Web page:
Is it valid to compare a simple will to a living trust-centered estate plan?
- What are the similarities between living trust-centered planning and testamentary trust planning?
- What are the differences between living trust-centered planning and testamentary trust planning?
- Is living trust-centered planning preferable to testamentary trust planning?
In most instances, trust critics compare living trusts to simple wills. Comparing a people-oriented living trust-centered estate plan to a simple will is like comparing a motor vehicle to a bicycle and then saying the latter is less complex and therefore better. It is a comparison that is not relevant.
A simple will distributes property outright only to heirs. Simple wills almost always contain language that says, “To my spouse if living, and if my spouse is not living, then to my descendants per stirpes’’. Simple wills do not provide for tax planning or include instructions for loved ones. If a simple will is compared to a living trust, the living trust is better for virtually all planning purposes. An argument can be made that a simple will has a few minor advantages, but even these advantages quickly disappear when testamentary trust planning and living trust planning are compared. To level the playing field, it is critical that the debate ultimately be focused on the testamentary trust versus the living trust. When this comparison is made, the distinctions and similarities between them become readily apparent.
A testamentary trust is a trust that is created by a will. A testamentary trust does not have an independent existence until after the death of a will maker and receives property only at the death of the will maker. Once it is created by a will, a testamentary trust functions exactly the same but for one important feature: A testamentary trust can be subject to the Estate winding up process for part or all of its existence. A living trust is not subject to this either during the life of its maker or after his or her death.
Most practitioners prepare wills as loss leaders that become an estate winding up which, like an annuity, will generate future fees. There are a number of estate practitioners who routinely prepare wills that create testamentary trusts for minor children and affluent couples with taxable estates. The more sophisticated planning practitioners create trusts for children and descendants with extensive wishes. A major difference between living trust lawyers and will planning/ Estate lawyers is in their opinion about when trust planning should begin. Should it come into effect immediately or only upon death? Will-planning/ Estate advocates would argue that death is soon enough for a trust to come into existence. Advocates of living trust-centered planning would argue that a trust cannot be instituted soon enough.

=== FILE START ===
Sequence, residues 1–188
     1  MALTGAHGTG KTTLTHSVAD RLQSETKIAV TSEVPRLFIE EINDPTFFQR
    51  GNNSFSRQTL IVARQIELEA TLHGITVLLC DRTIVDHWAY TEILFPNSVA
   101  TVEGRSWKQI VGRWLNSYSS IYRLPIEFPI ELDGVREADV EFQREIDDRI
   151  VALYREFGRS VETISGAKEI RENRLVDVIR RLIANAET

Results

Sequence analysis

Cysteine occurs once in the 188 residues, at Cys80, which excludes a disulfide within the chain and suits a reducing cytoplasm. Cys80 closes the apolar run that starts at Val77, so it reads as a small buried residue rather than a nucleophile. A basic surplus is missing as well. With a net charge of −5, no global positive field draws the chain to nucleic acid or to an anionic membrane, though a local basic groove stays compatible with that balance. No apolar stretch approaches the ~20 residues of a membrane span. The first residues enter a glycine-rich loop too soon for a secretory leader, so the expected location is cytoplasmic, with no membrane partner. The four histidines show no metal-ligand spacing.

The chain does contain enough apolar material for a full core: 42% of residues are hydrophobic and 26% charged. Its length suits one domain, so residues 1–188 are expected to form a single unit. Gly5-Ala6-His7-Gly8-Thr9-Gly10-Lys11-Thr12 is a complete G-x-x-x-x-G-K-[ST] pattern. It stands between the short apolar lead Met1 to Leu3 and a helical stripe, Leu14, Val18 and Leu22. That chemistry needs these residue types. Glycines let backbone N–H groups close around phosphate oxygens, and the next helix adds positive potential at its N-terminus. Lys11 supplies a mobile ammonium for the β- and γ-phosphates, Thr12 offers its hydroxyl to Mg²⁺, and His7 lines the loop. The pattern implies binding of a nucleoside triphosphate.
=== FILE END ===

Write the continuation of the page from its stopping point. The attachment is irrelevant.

Regardless of whether a practitioner uses living or testamentary planning, there is little or no difference in time he or she will spend with a client or in the preparation of the appropriate documentation. If two identical clients respectively sought the services of an Estate lawyer and trust lawyer, they would theoretically be billed the same amounts for their consultations.
Each attorney would have to analyse each client’s situation carefully by gathering complete personal and financial information. Each attorney would enter into a dialogue with the client in order to exchange information and would familiarize the client with the law as it pertains to the client’s situation. Each client would familiarize his or her attorney with personal goals, objectives, beliefs, and biases.
Both attorneys would draft documentation to meet the client’s planning needs and desires. Identical planning would take place but for the choice of legal delivery vehicles. The Estate lawyer would use a will, and the trust practitioner would use a living trust plan. Each would draft ancillary documentation. The living trust lawyer would also create a simple pour-over will as a legal failsafe mechanism.
Each attorney would explain the documents so that the client could judge whether they met all of the agreed upon objectives and would supervise the signing and witnessing of the documents.
Both attorneys would then have to make title changes to their clients’ affairs so that their respective planning would control the appropriate assets. The will-planning/ Estate practitioner would want the title in the client’s name; the living trust practitioner would want it in the name of the client’s trust. This might entail new deeds to property, changes to the title of securities, or title changes to other property. Both practitioners would be sure that all beneficiary designations were changed so that the testamentary or living trust was the named beneficiary.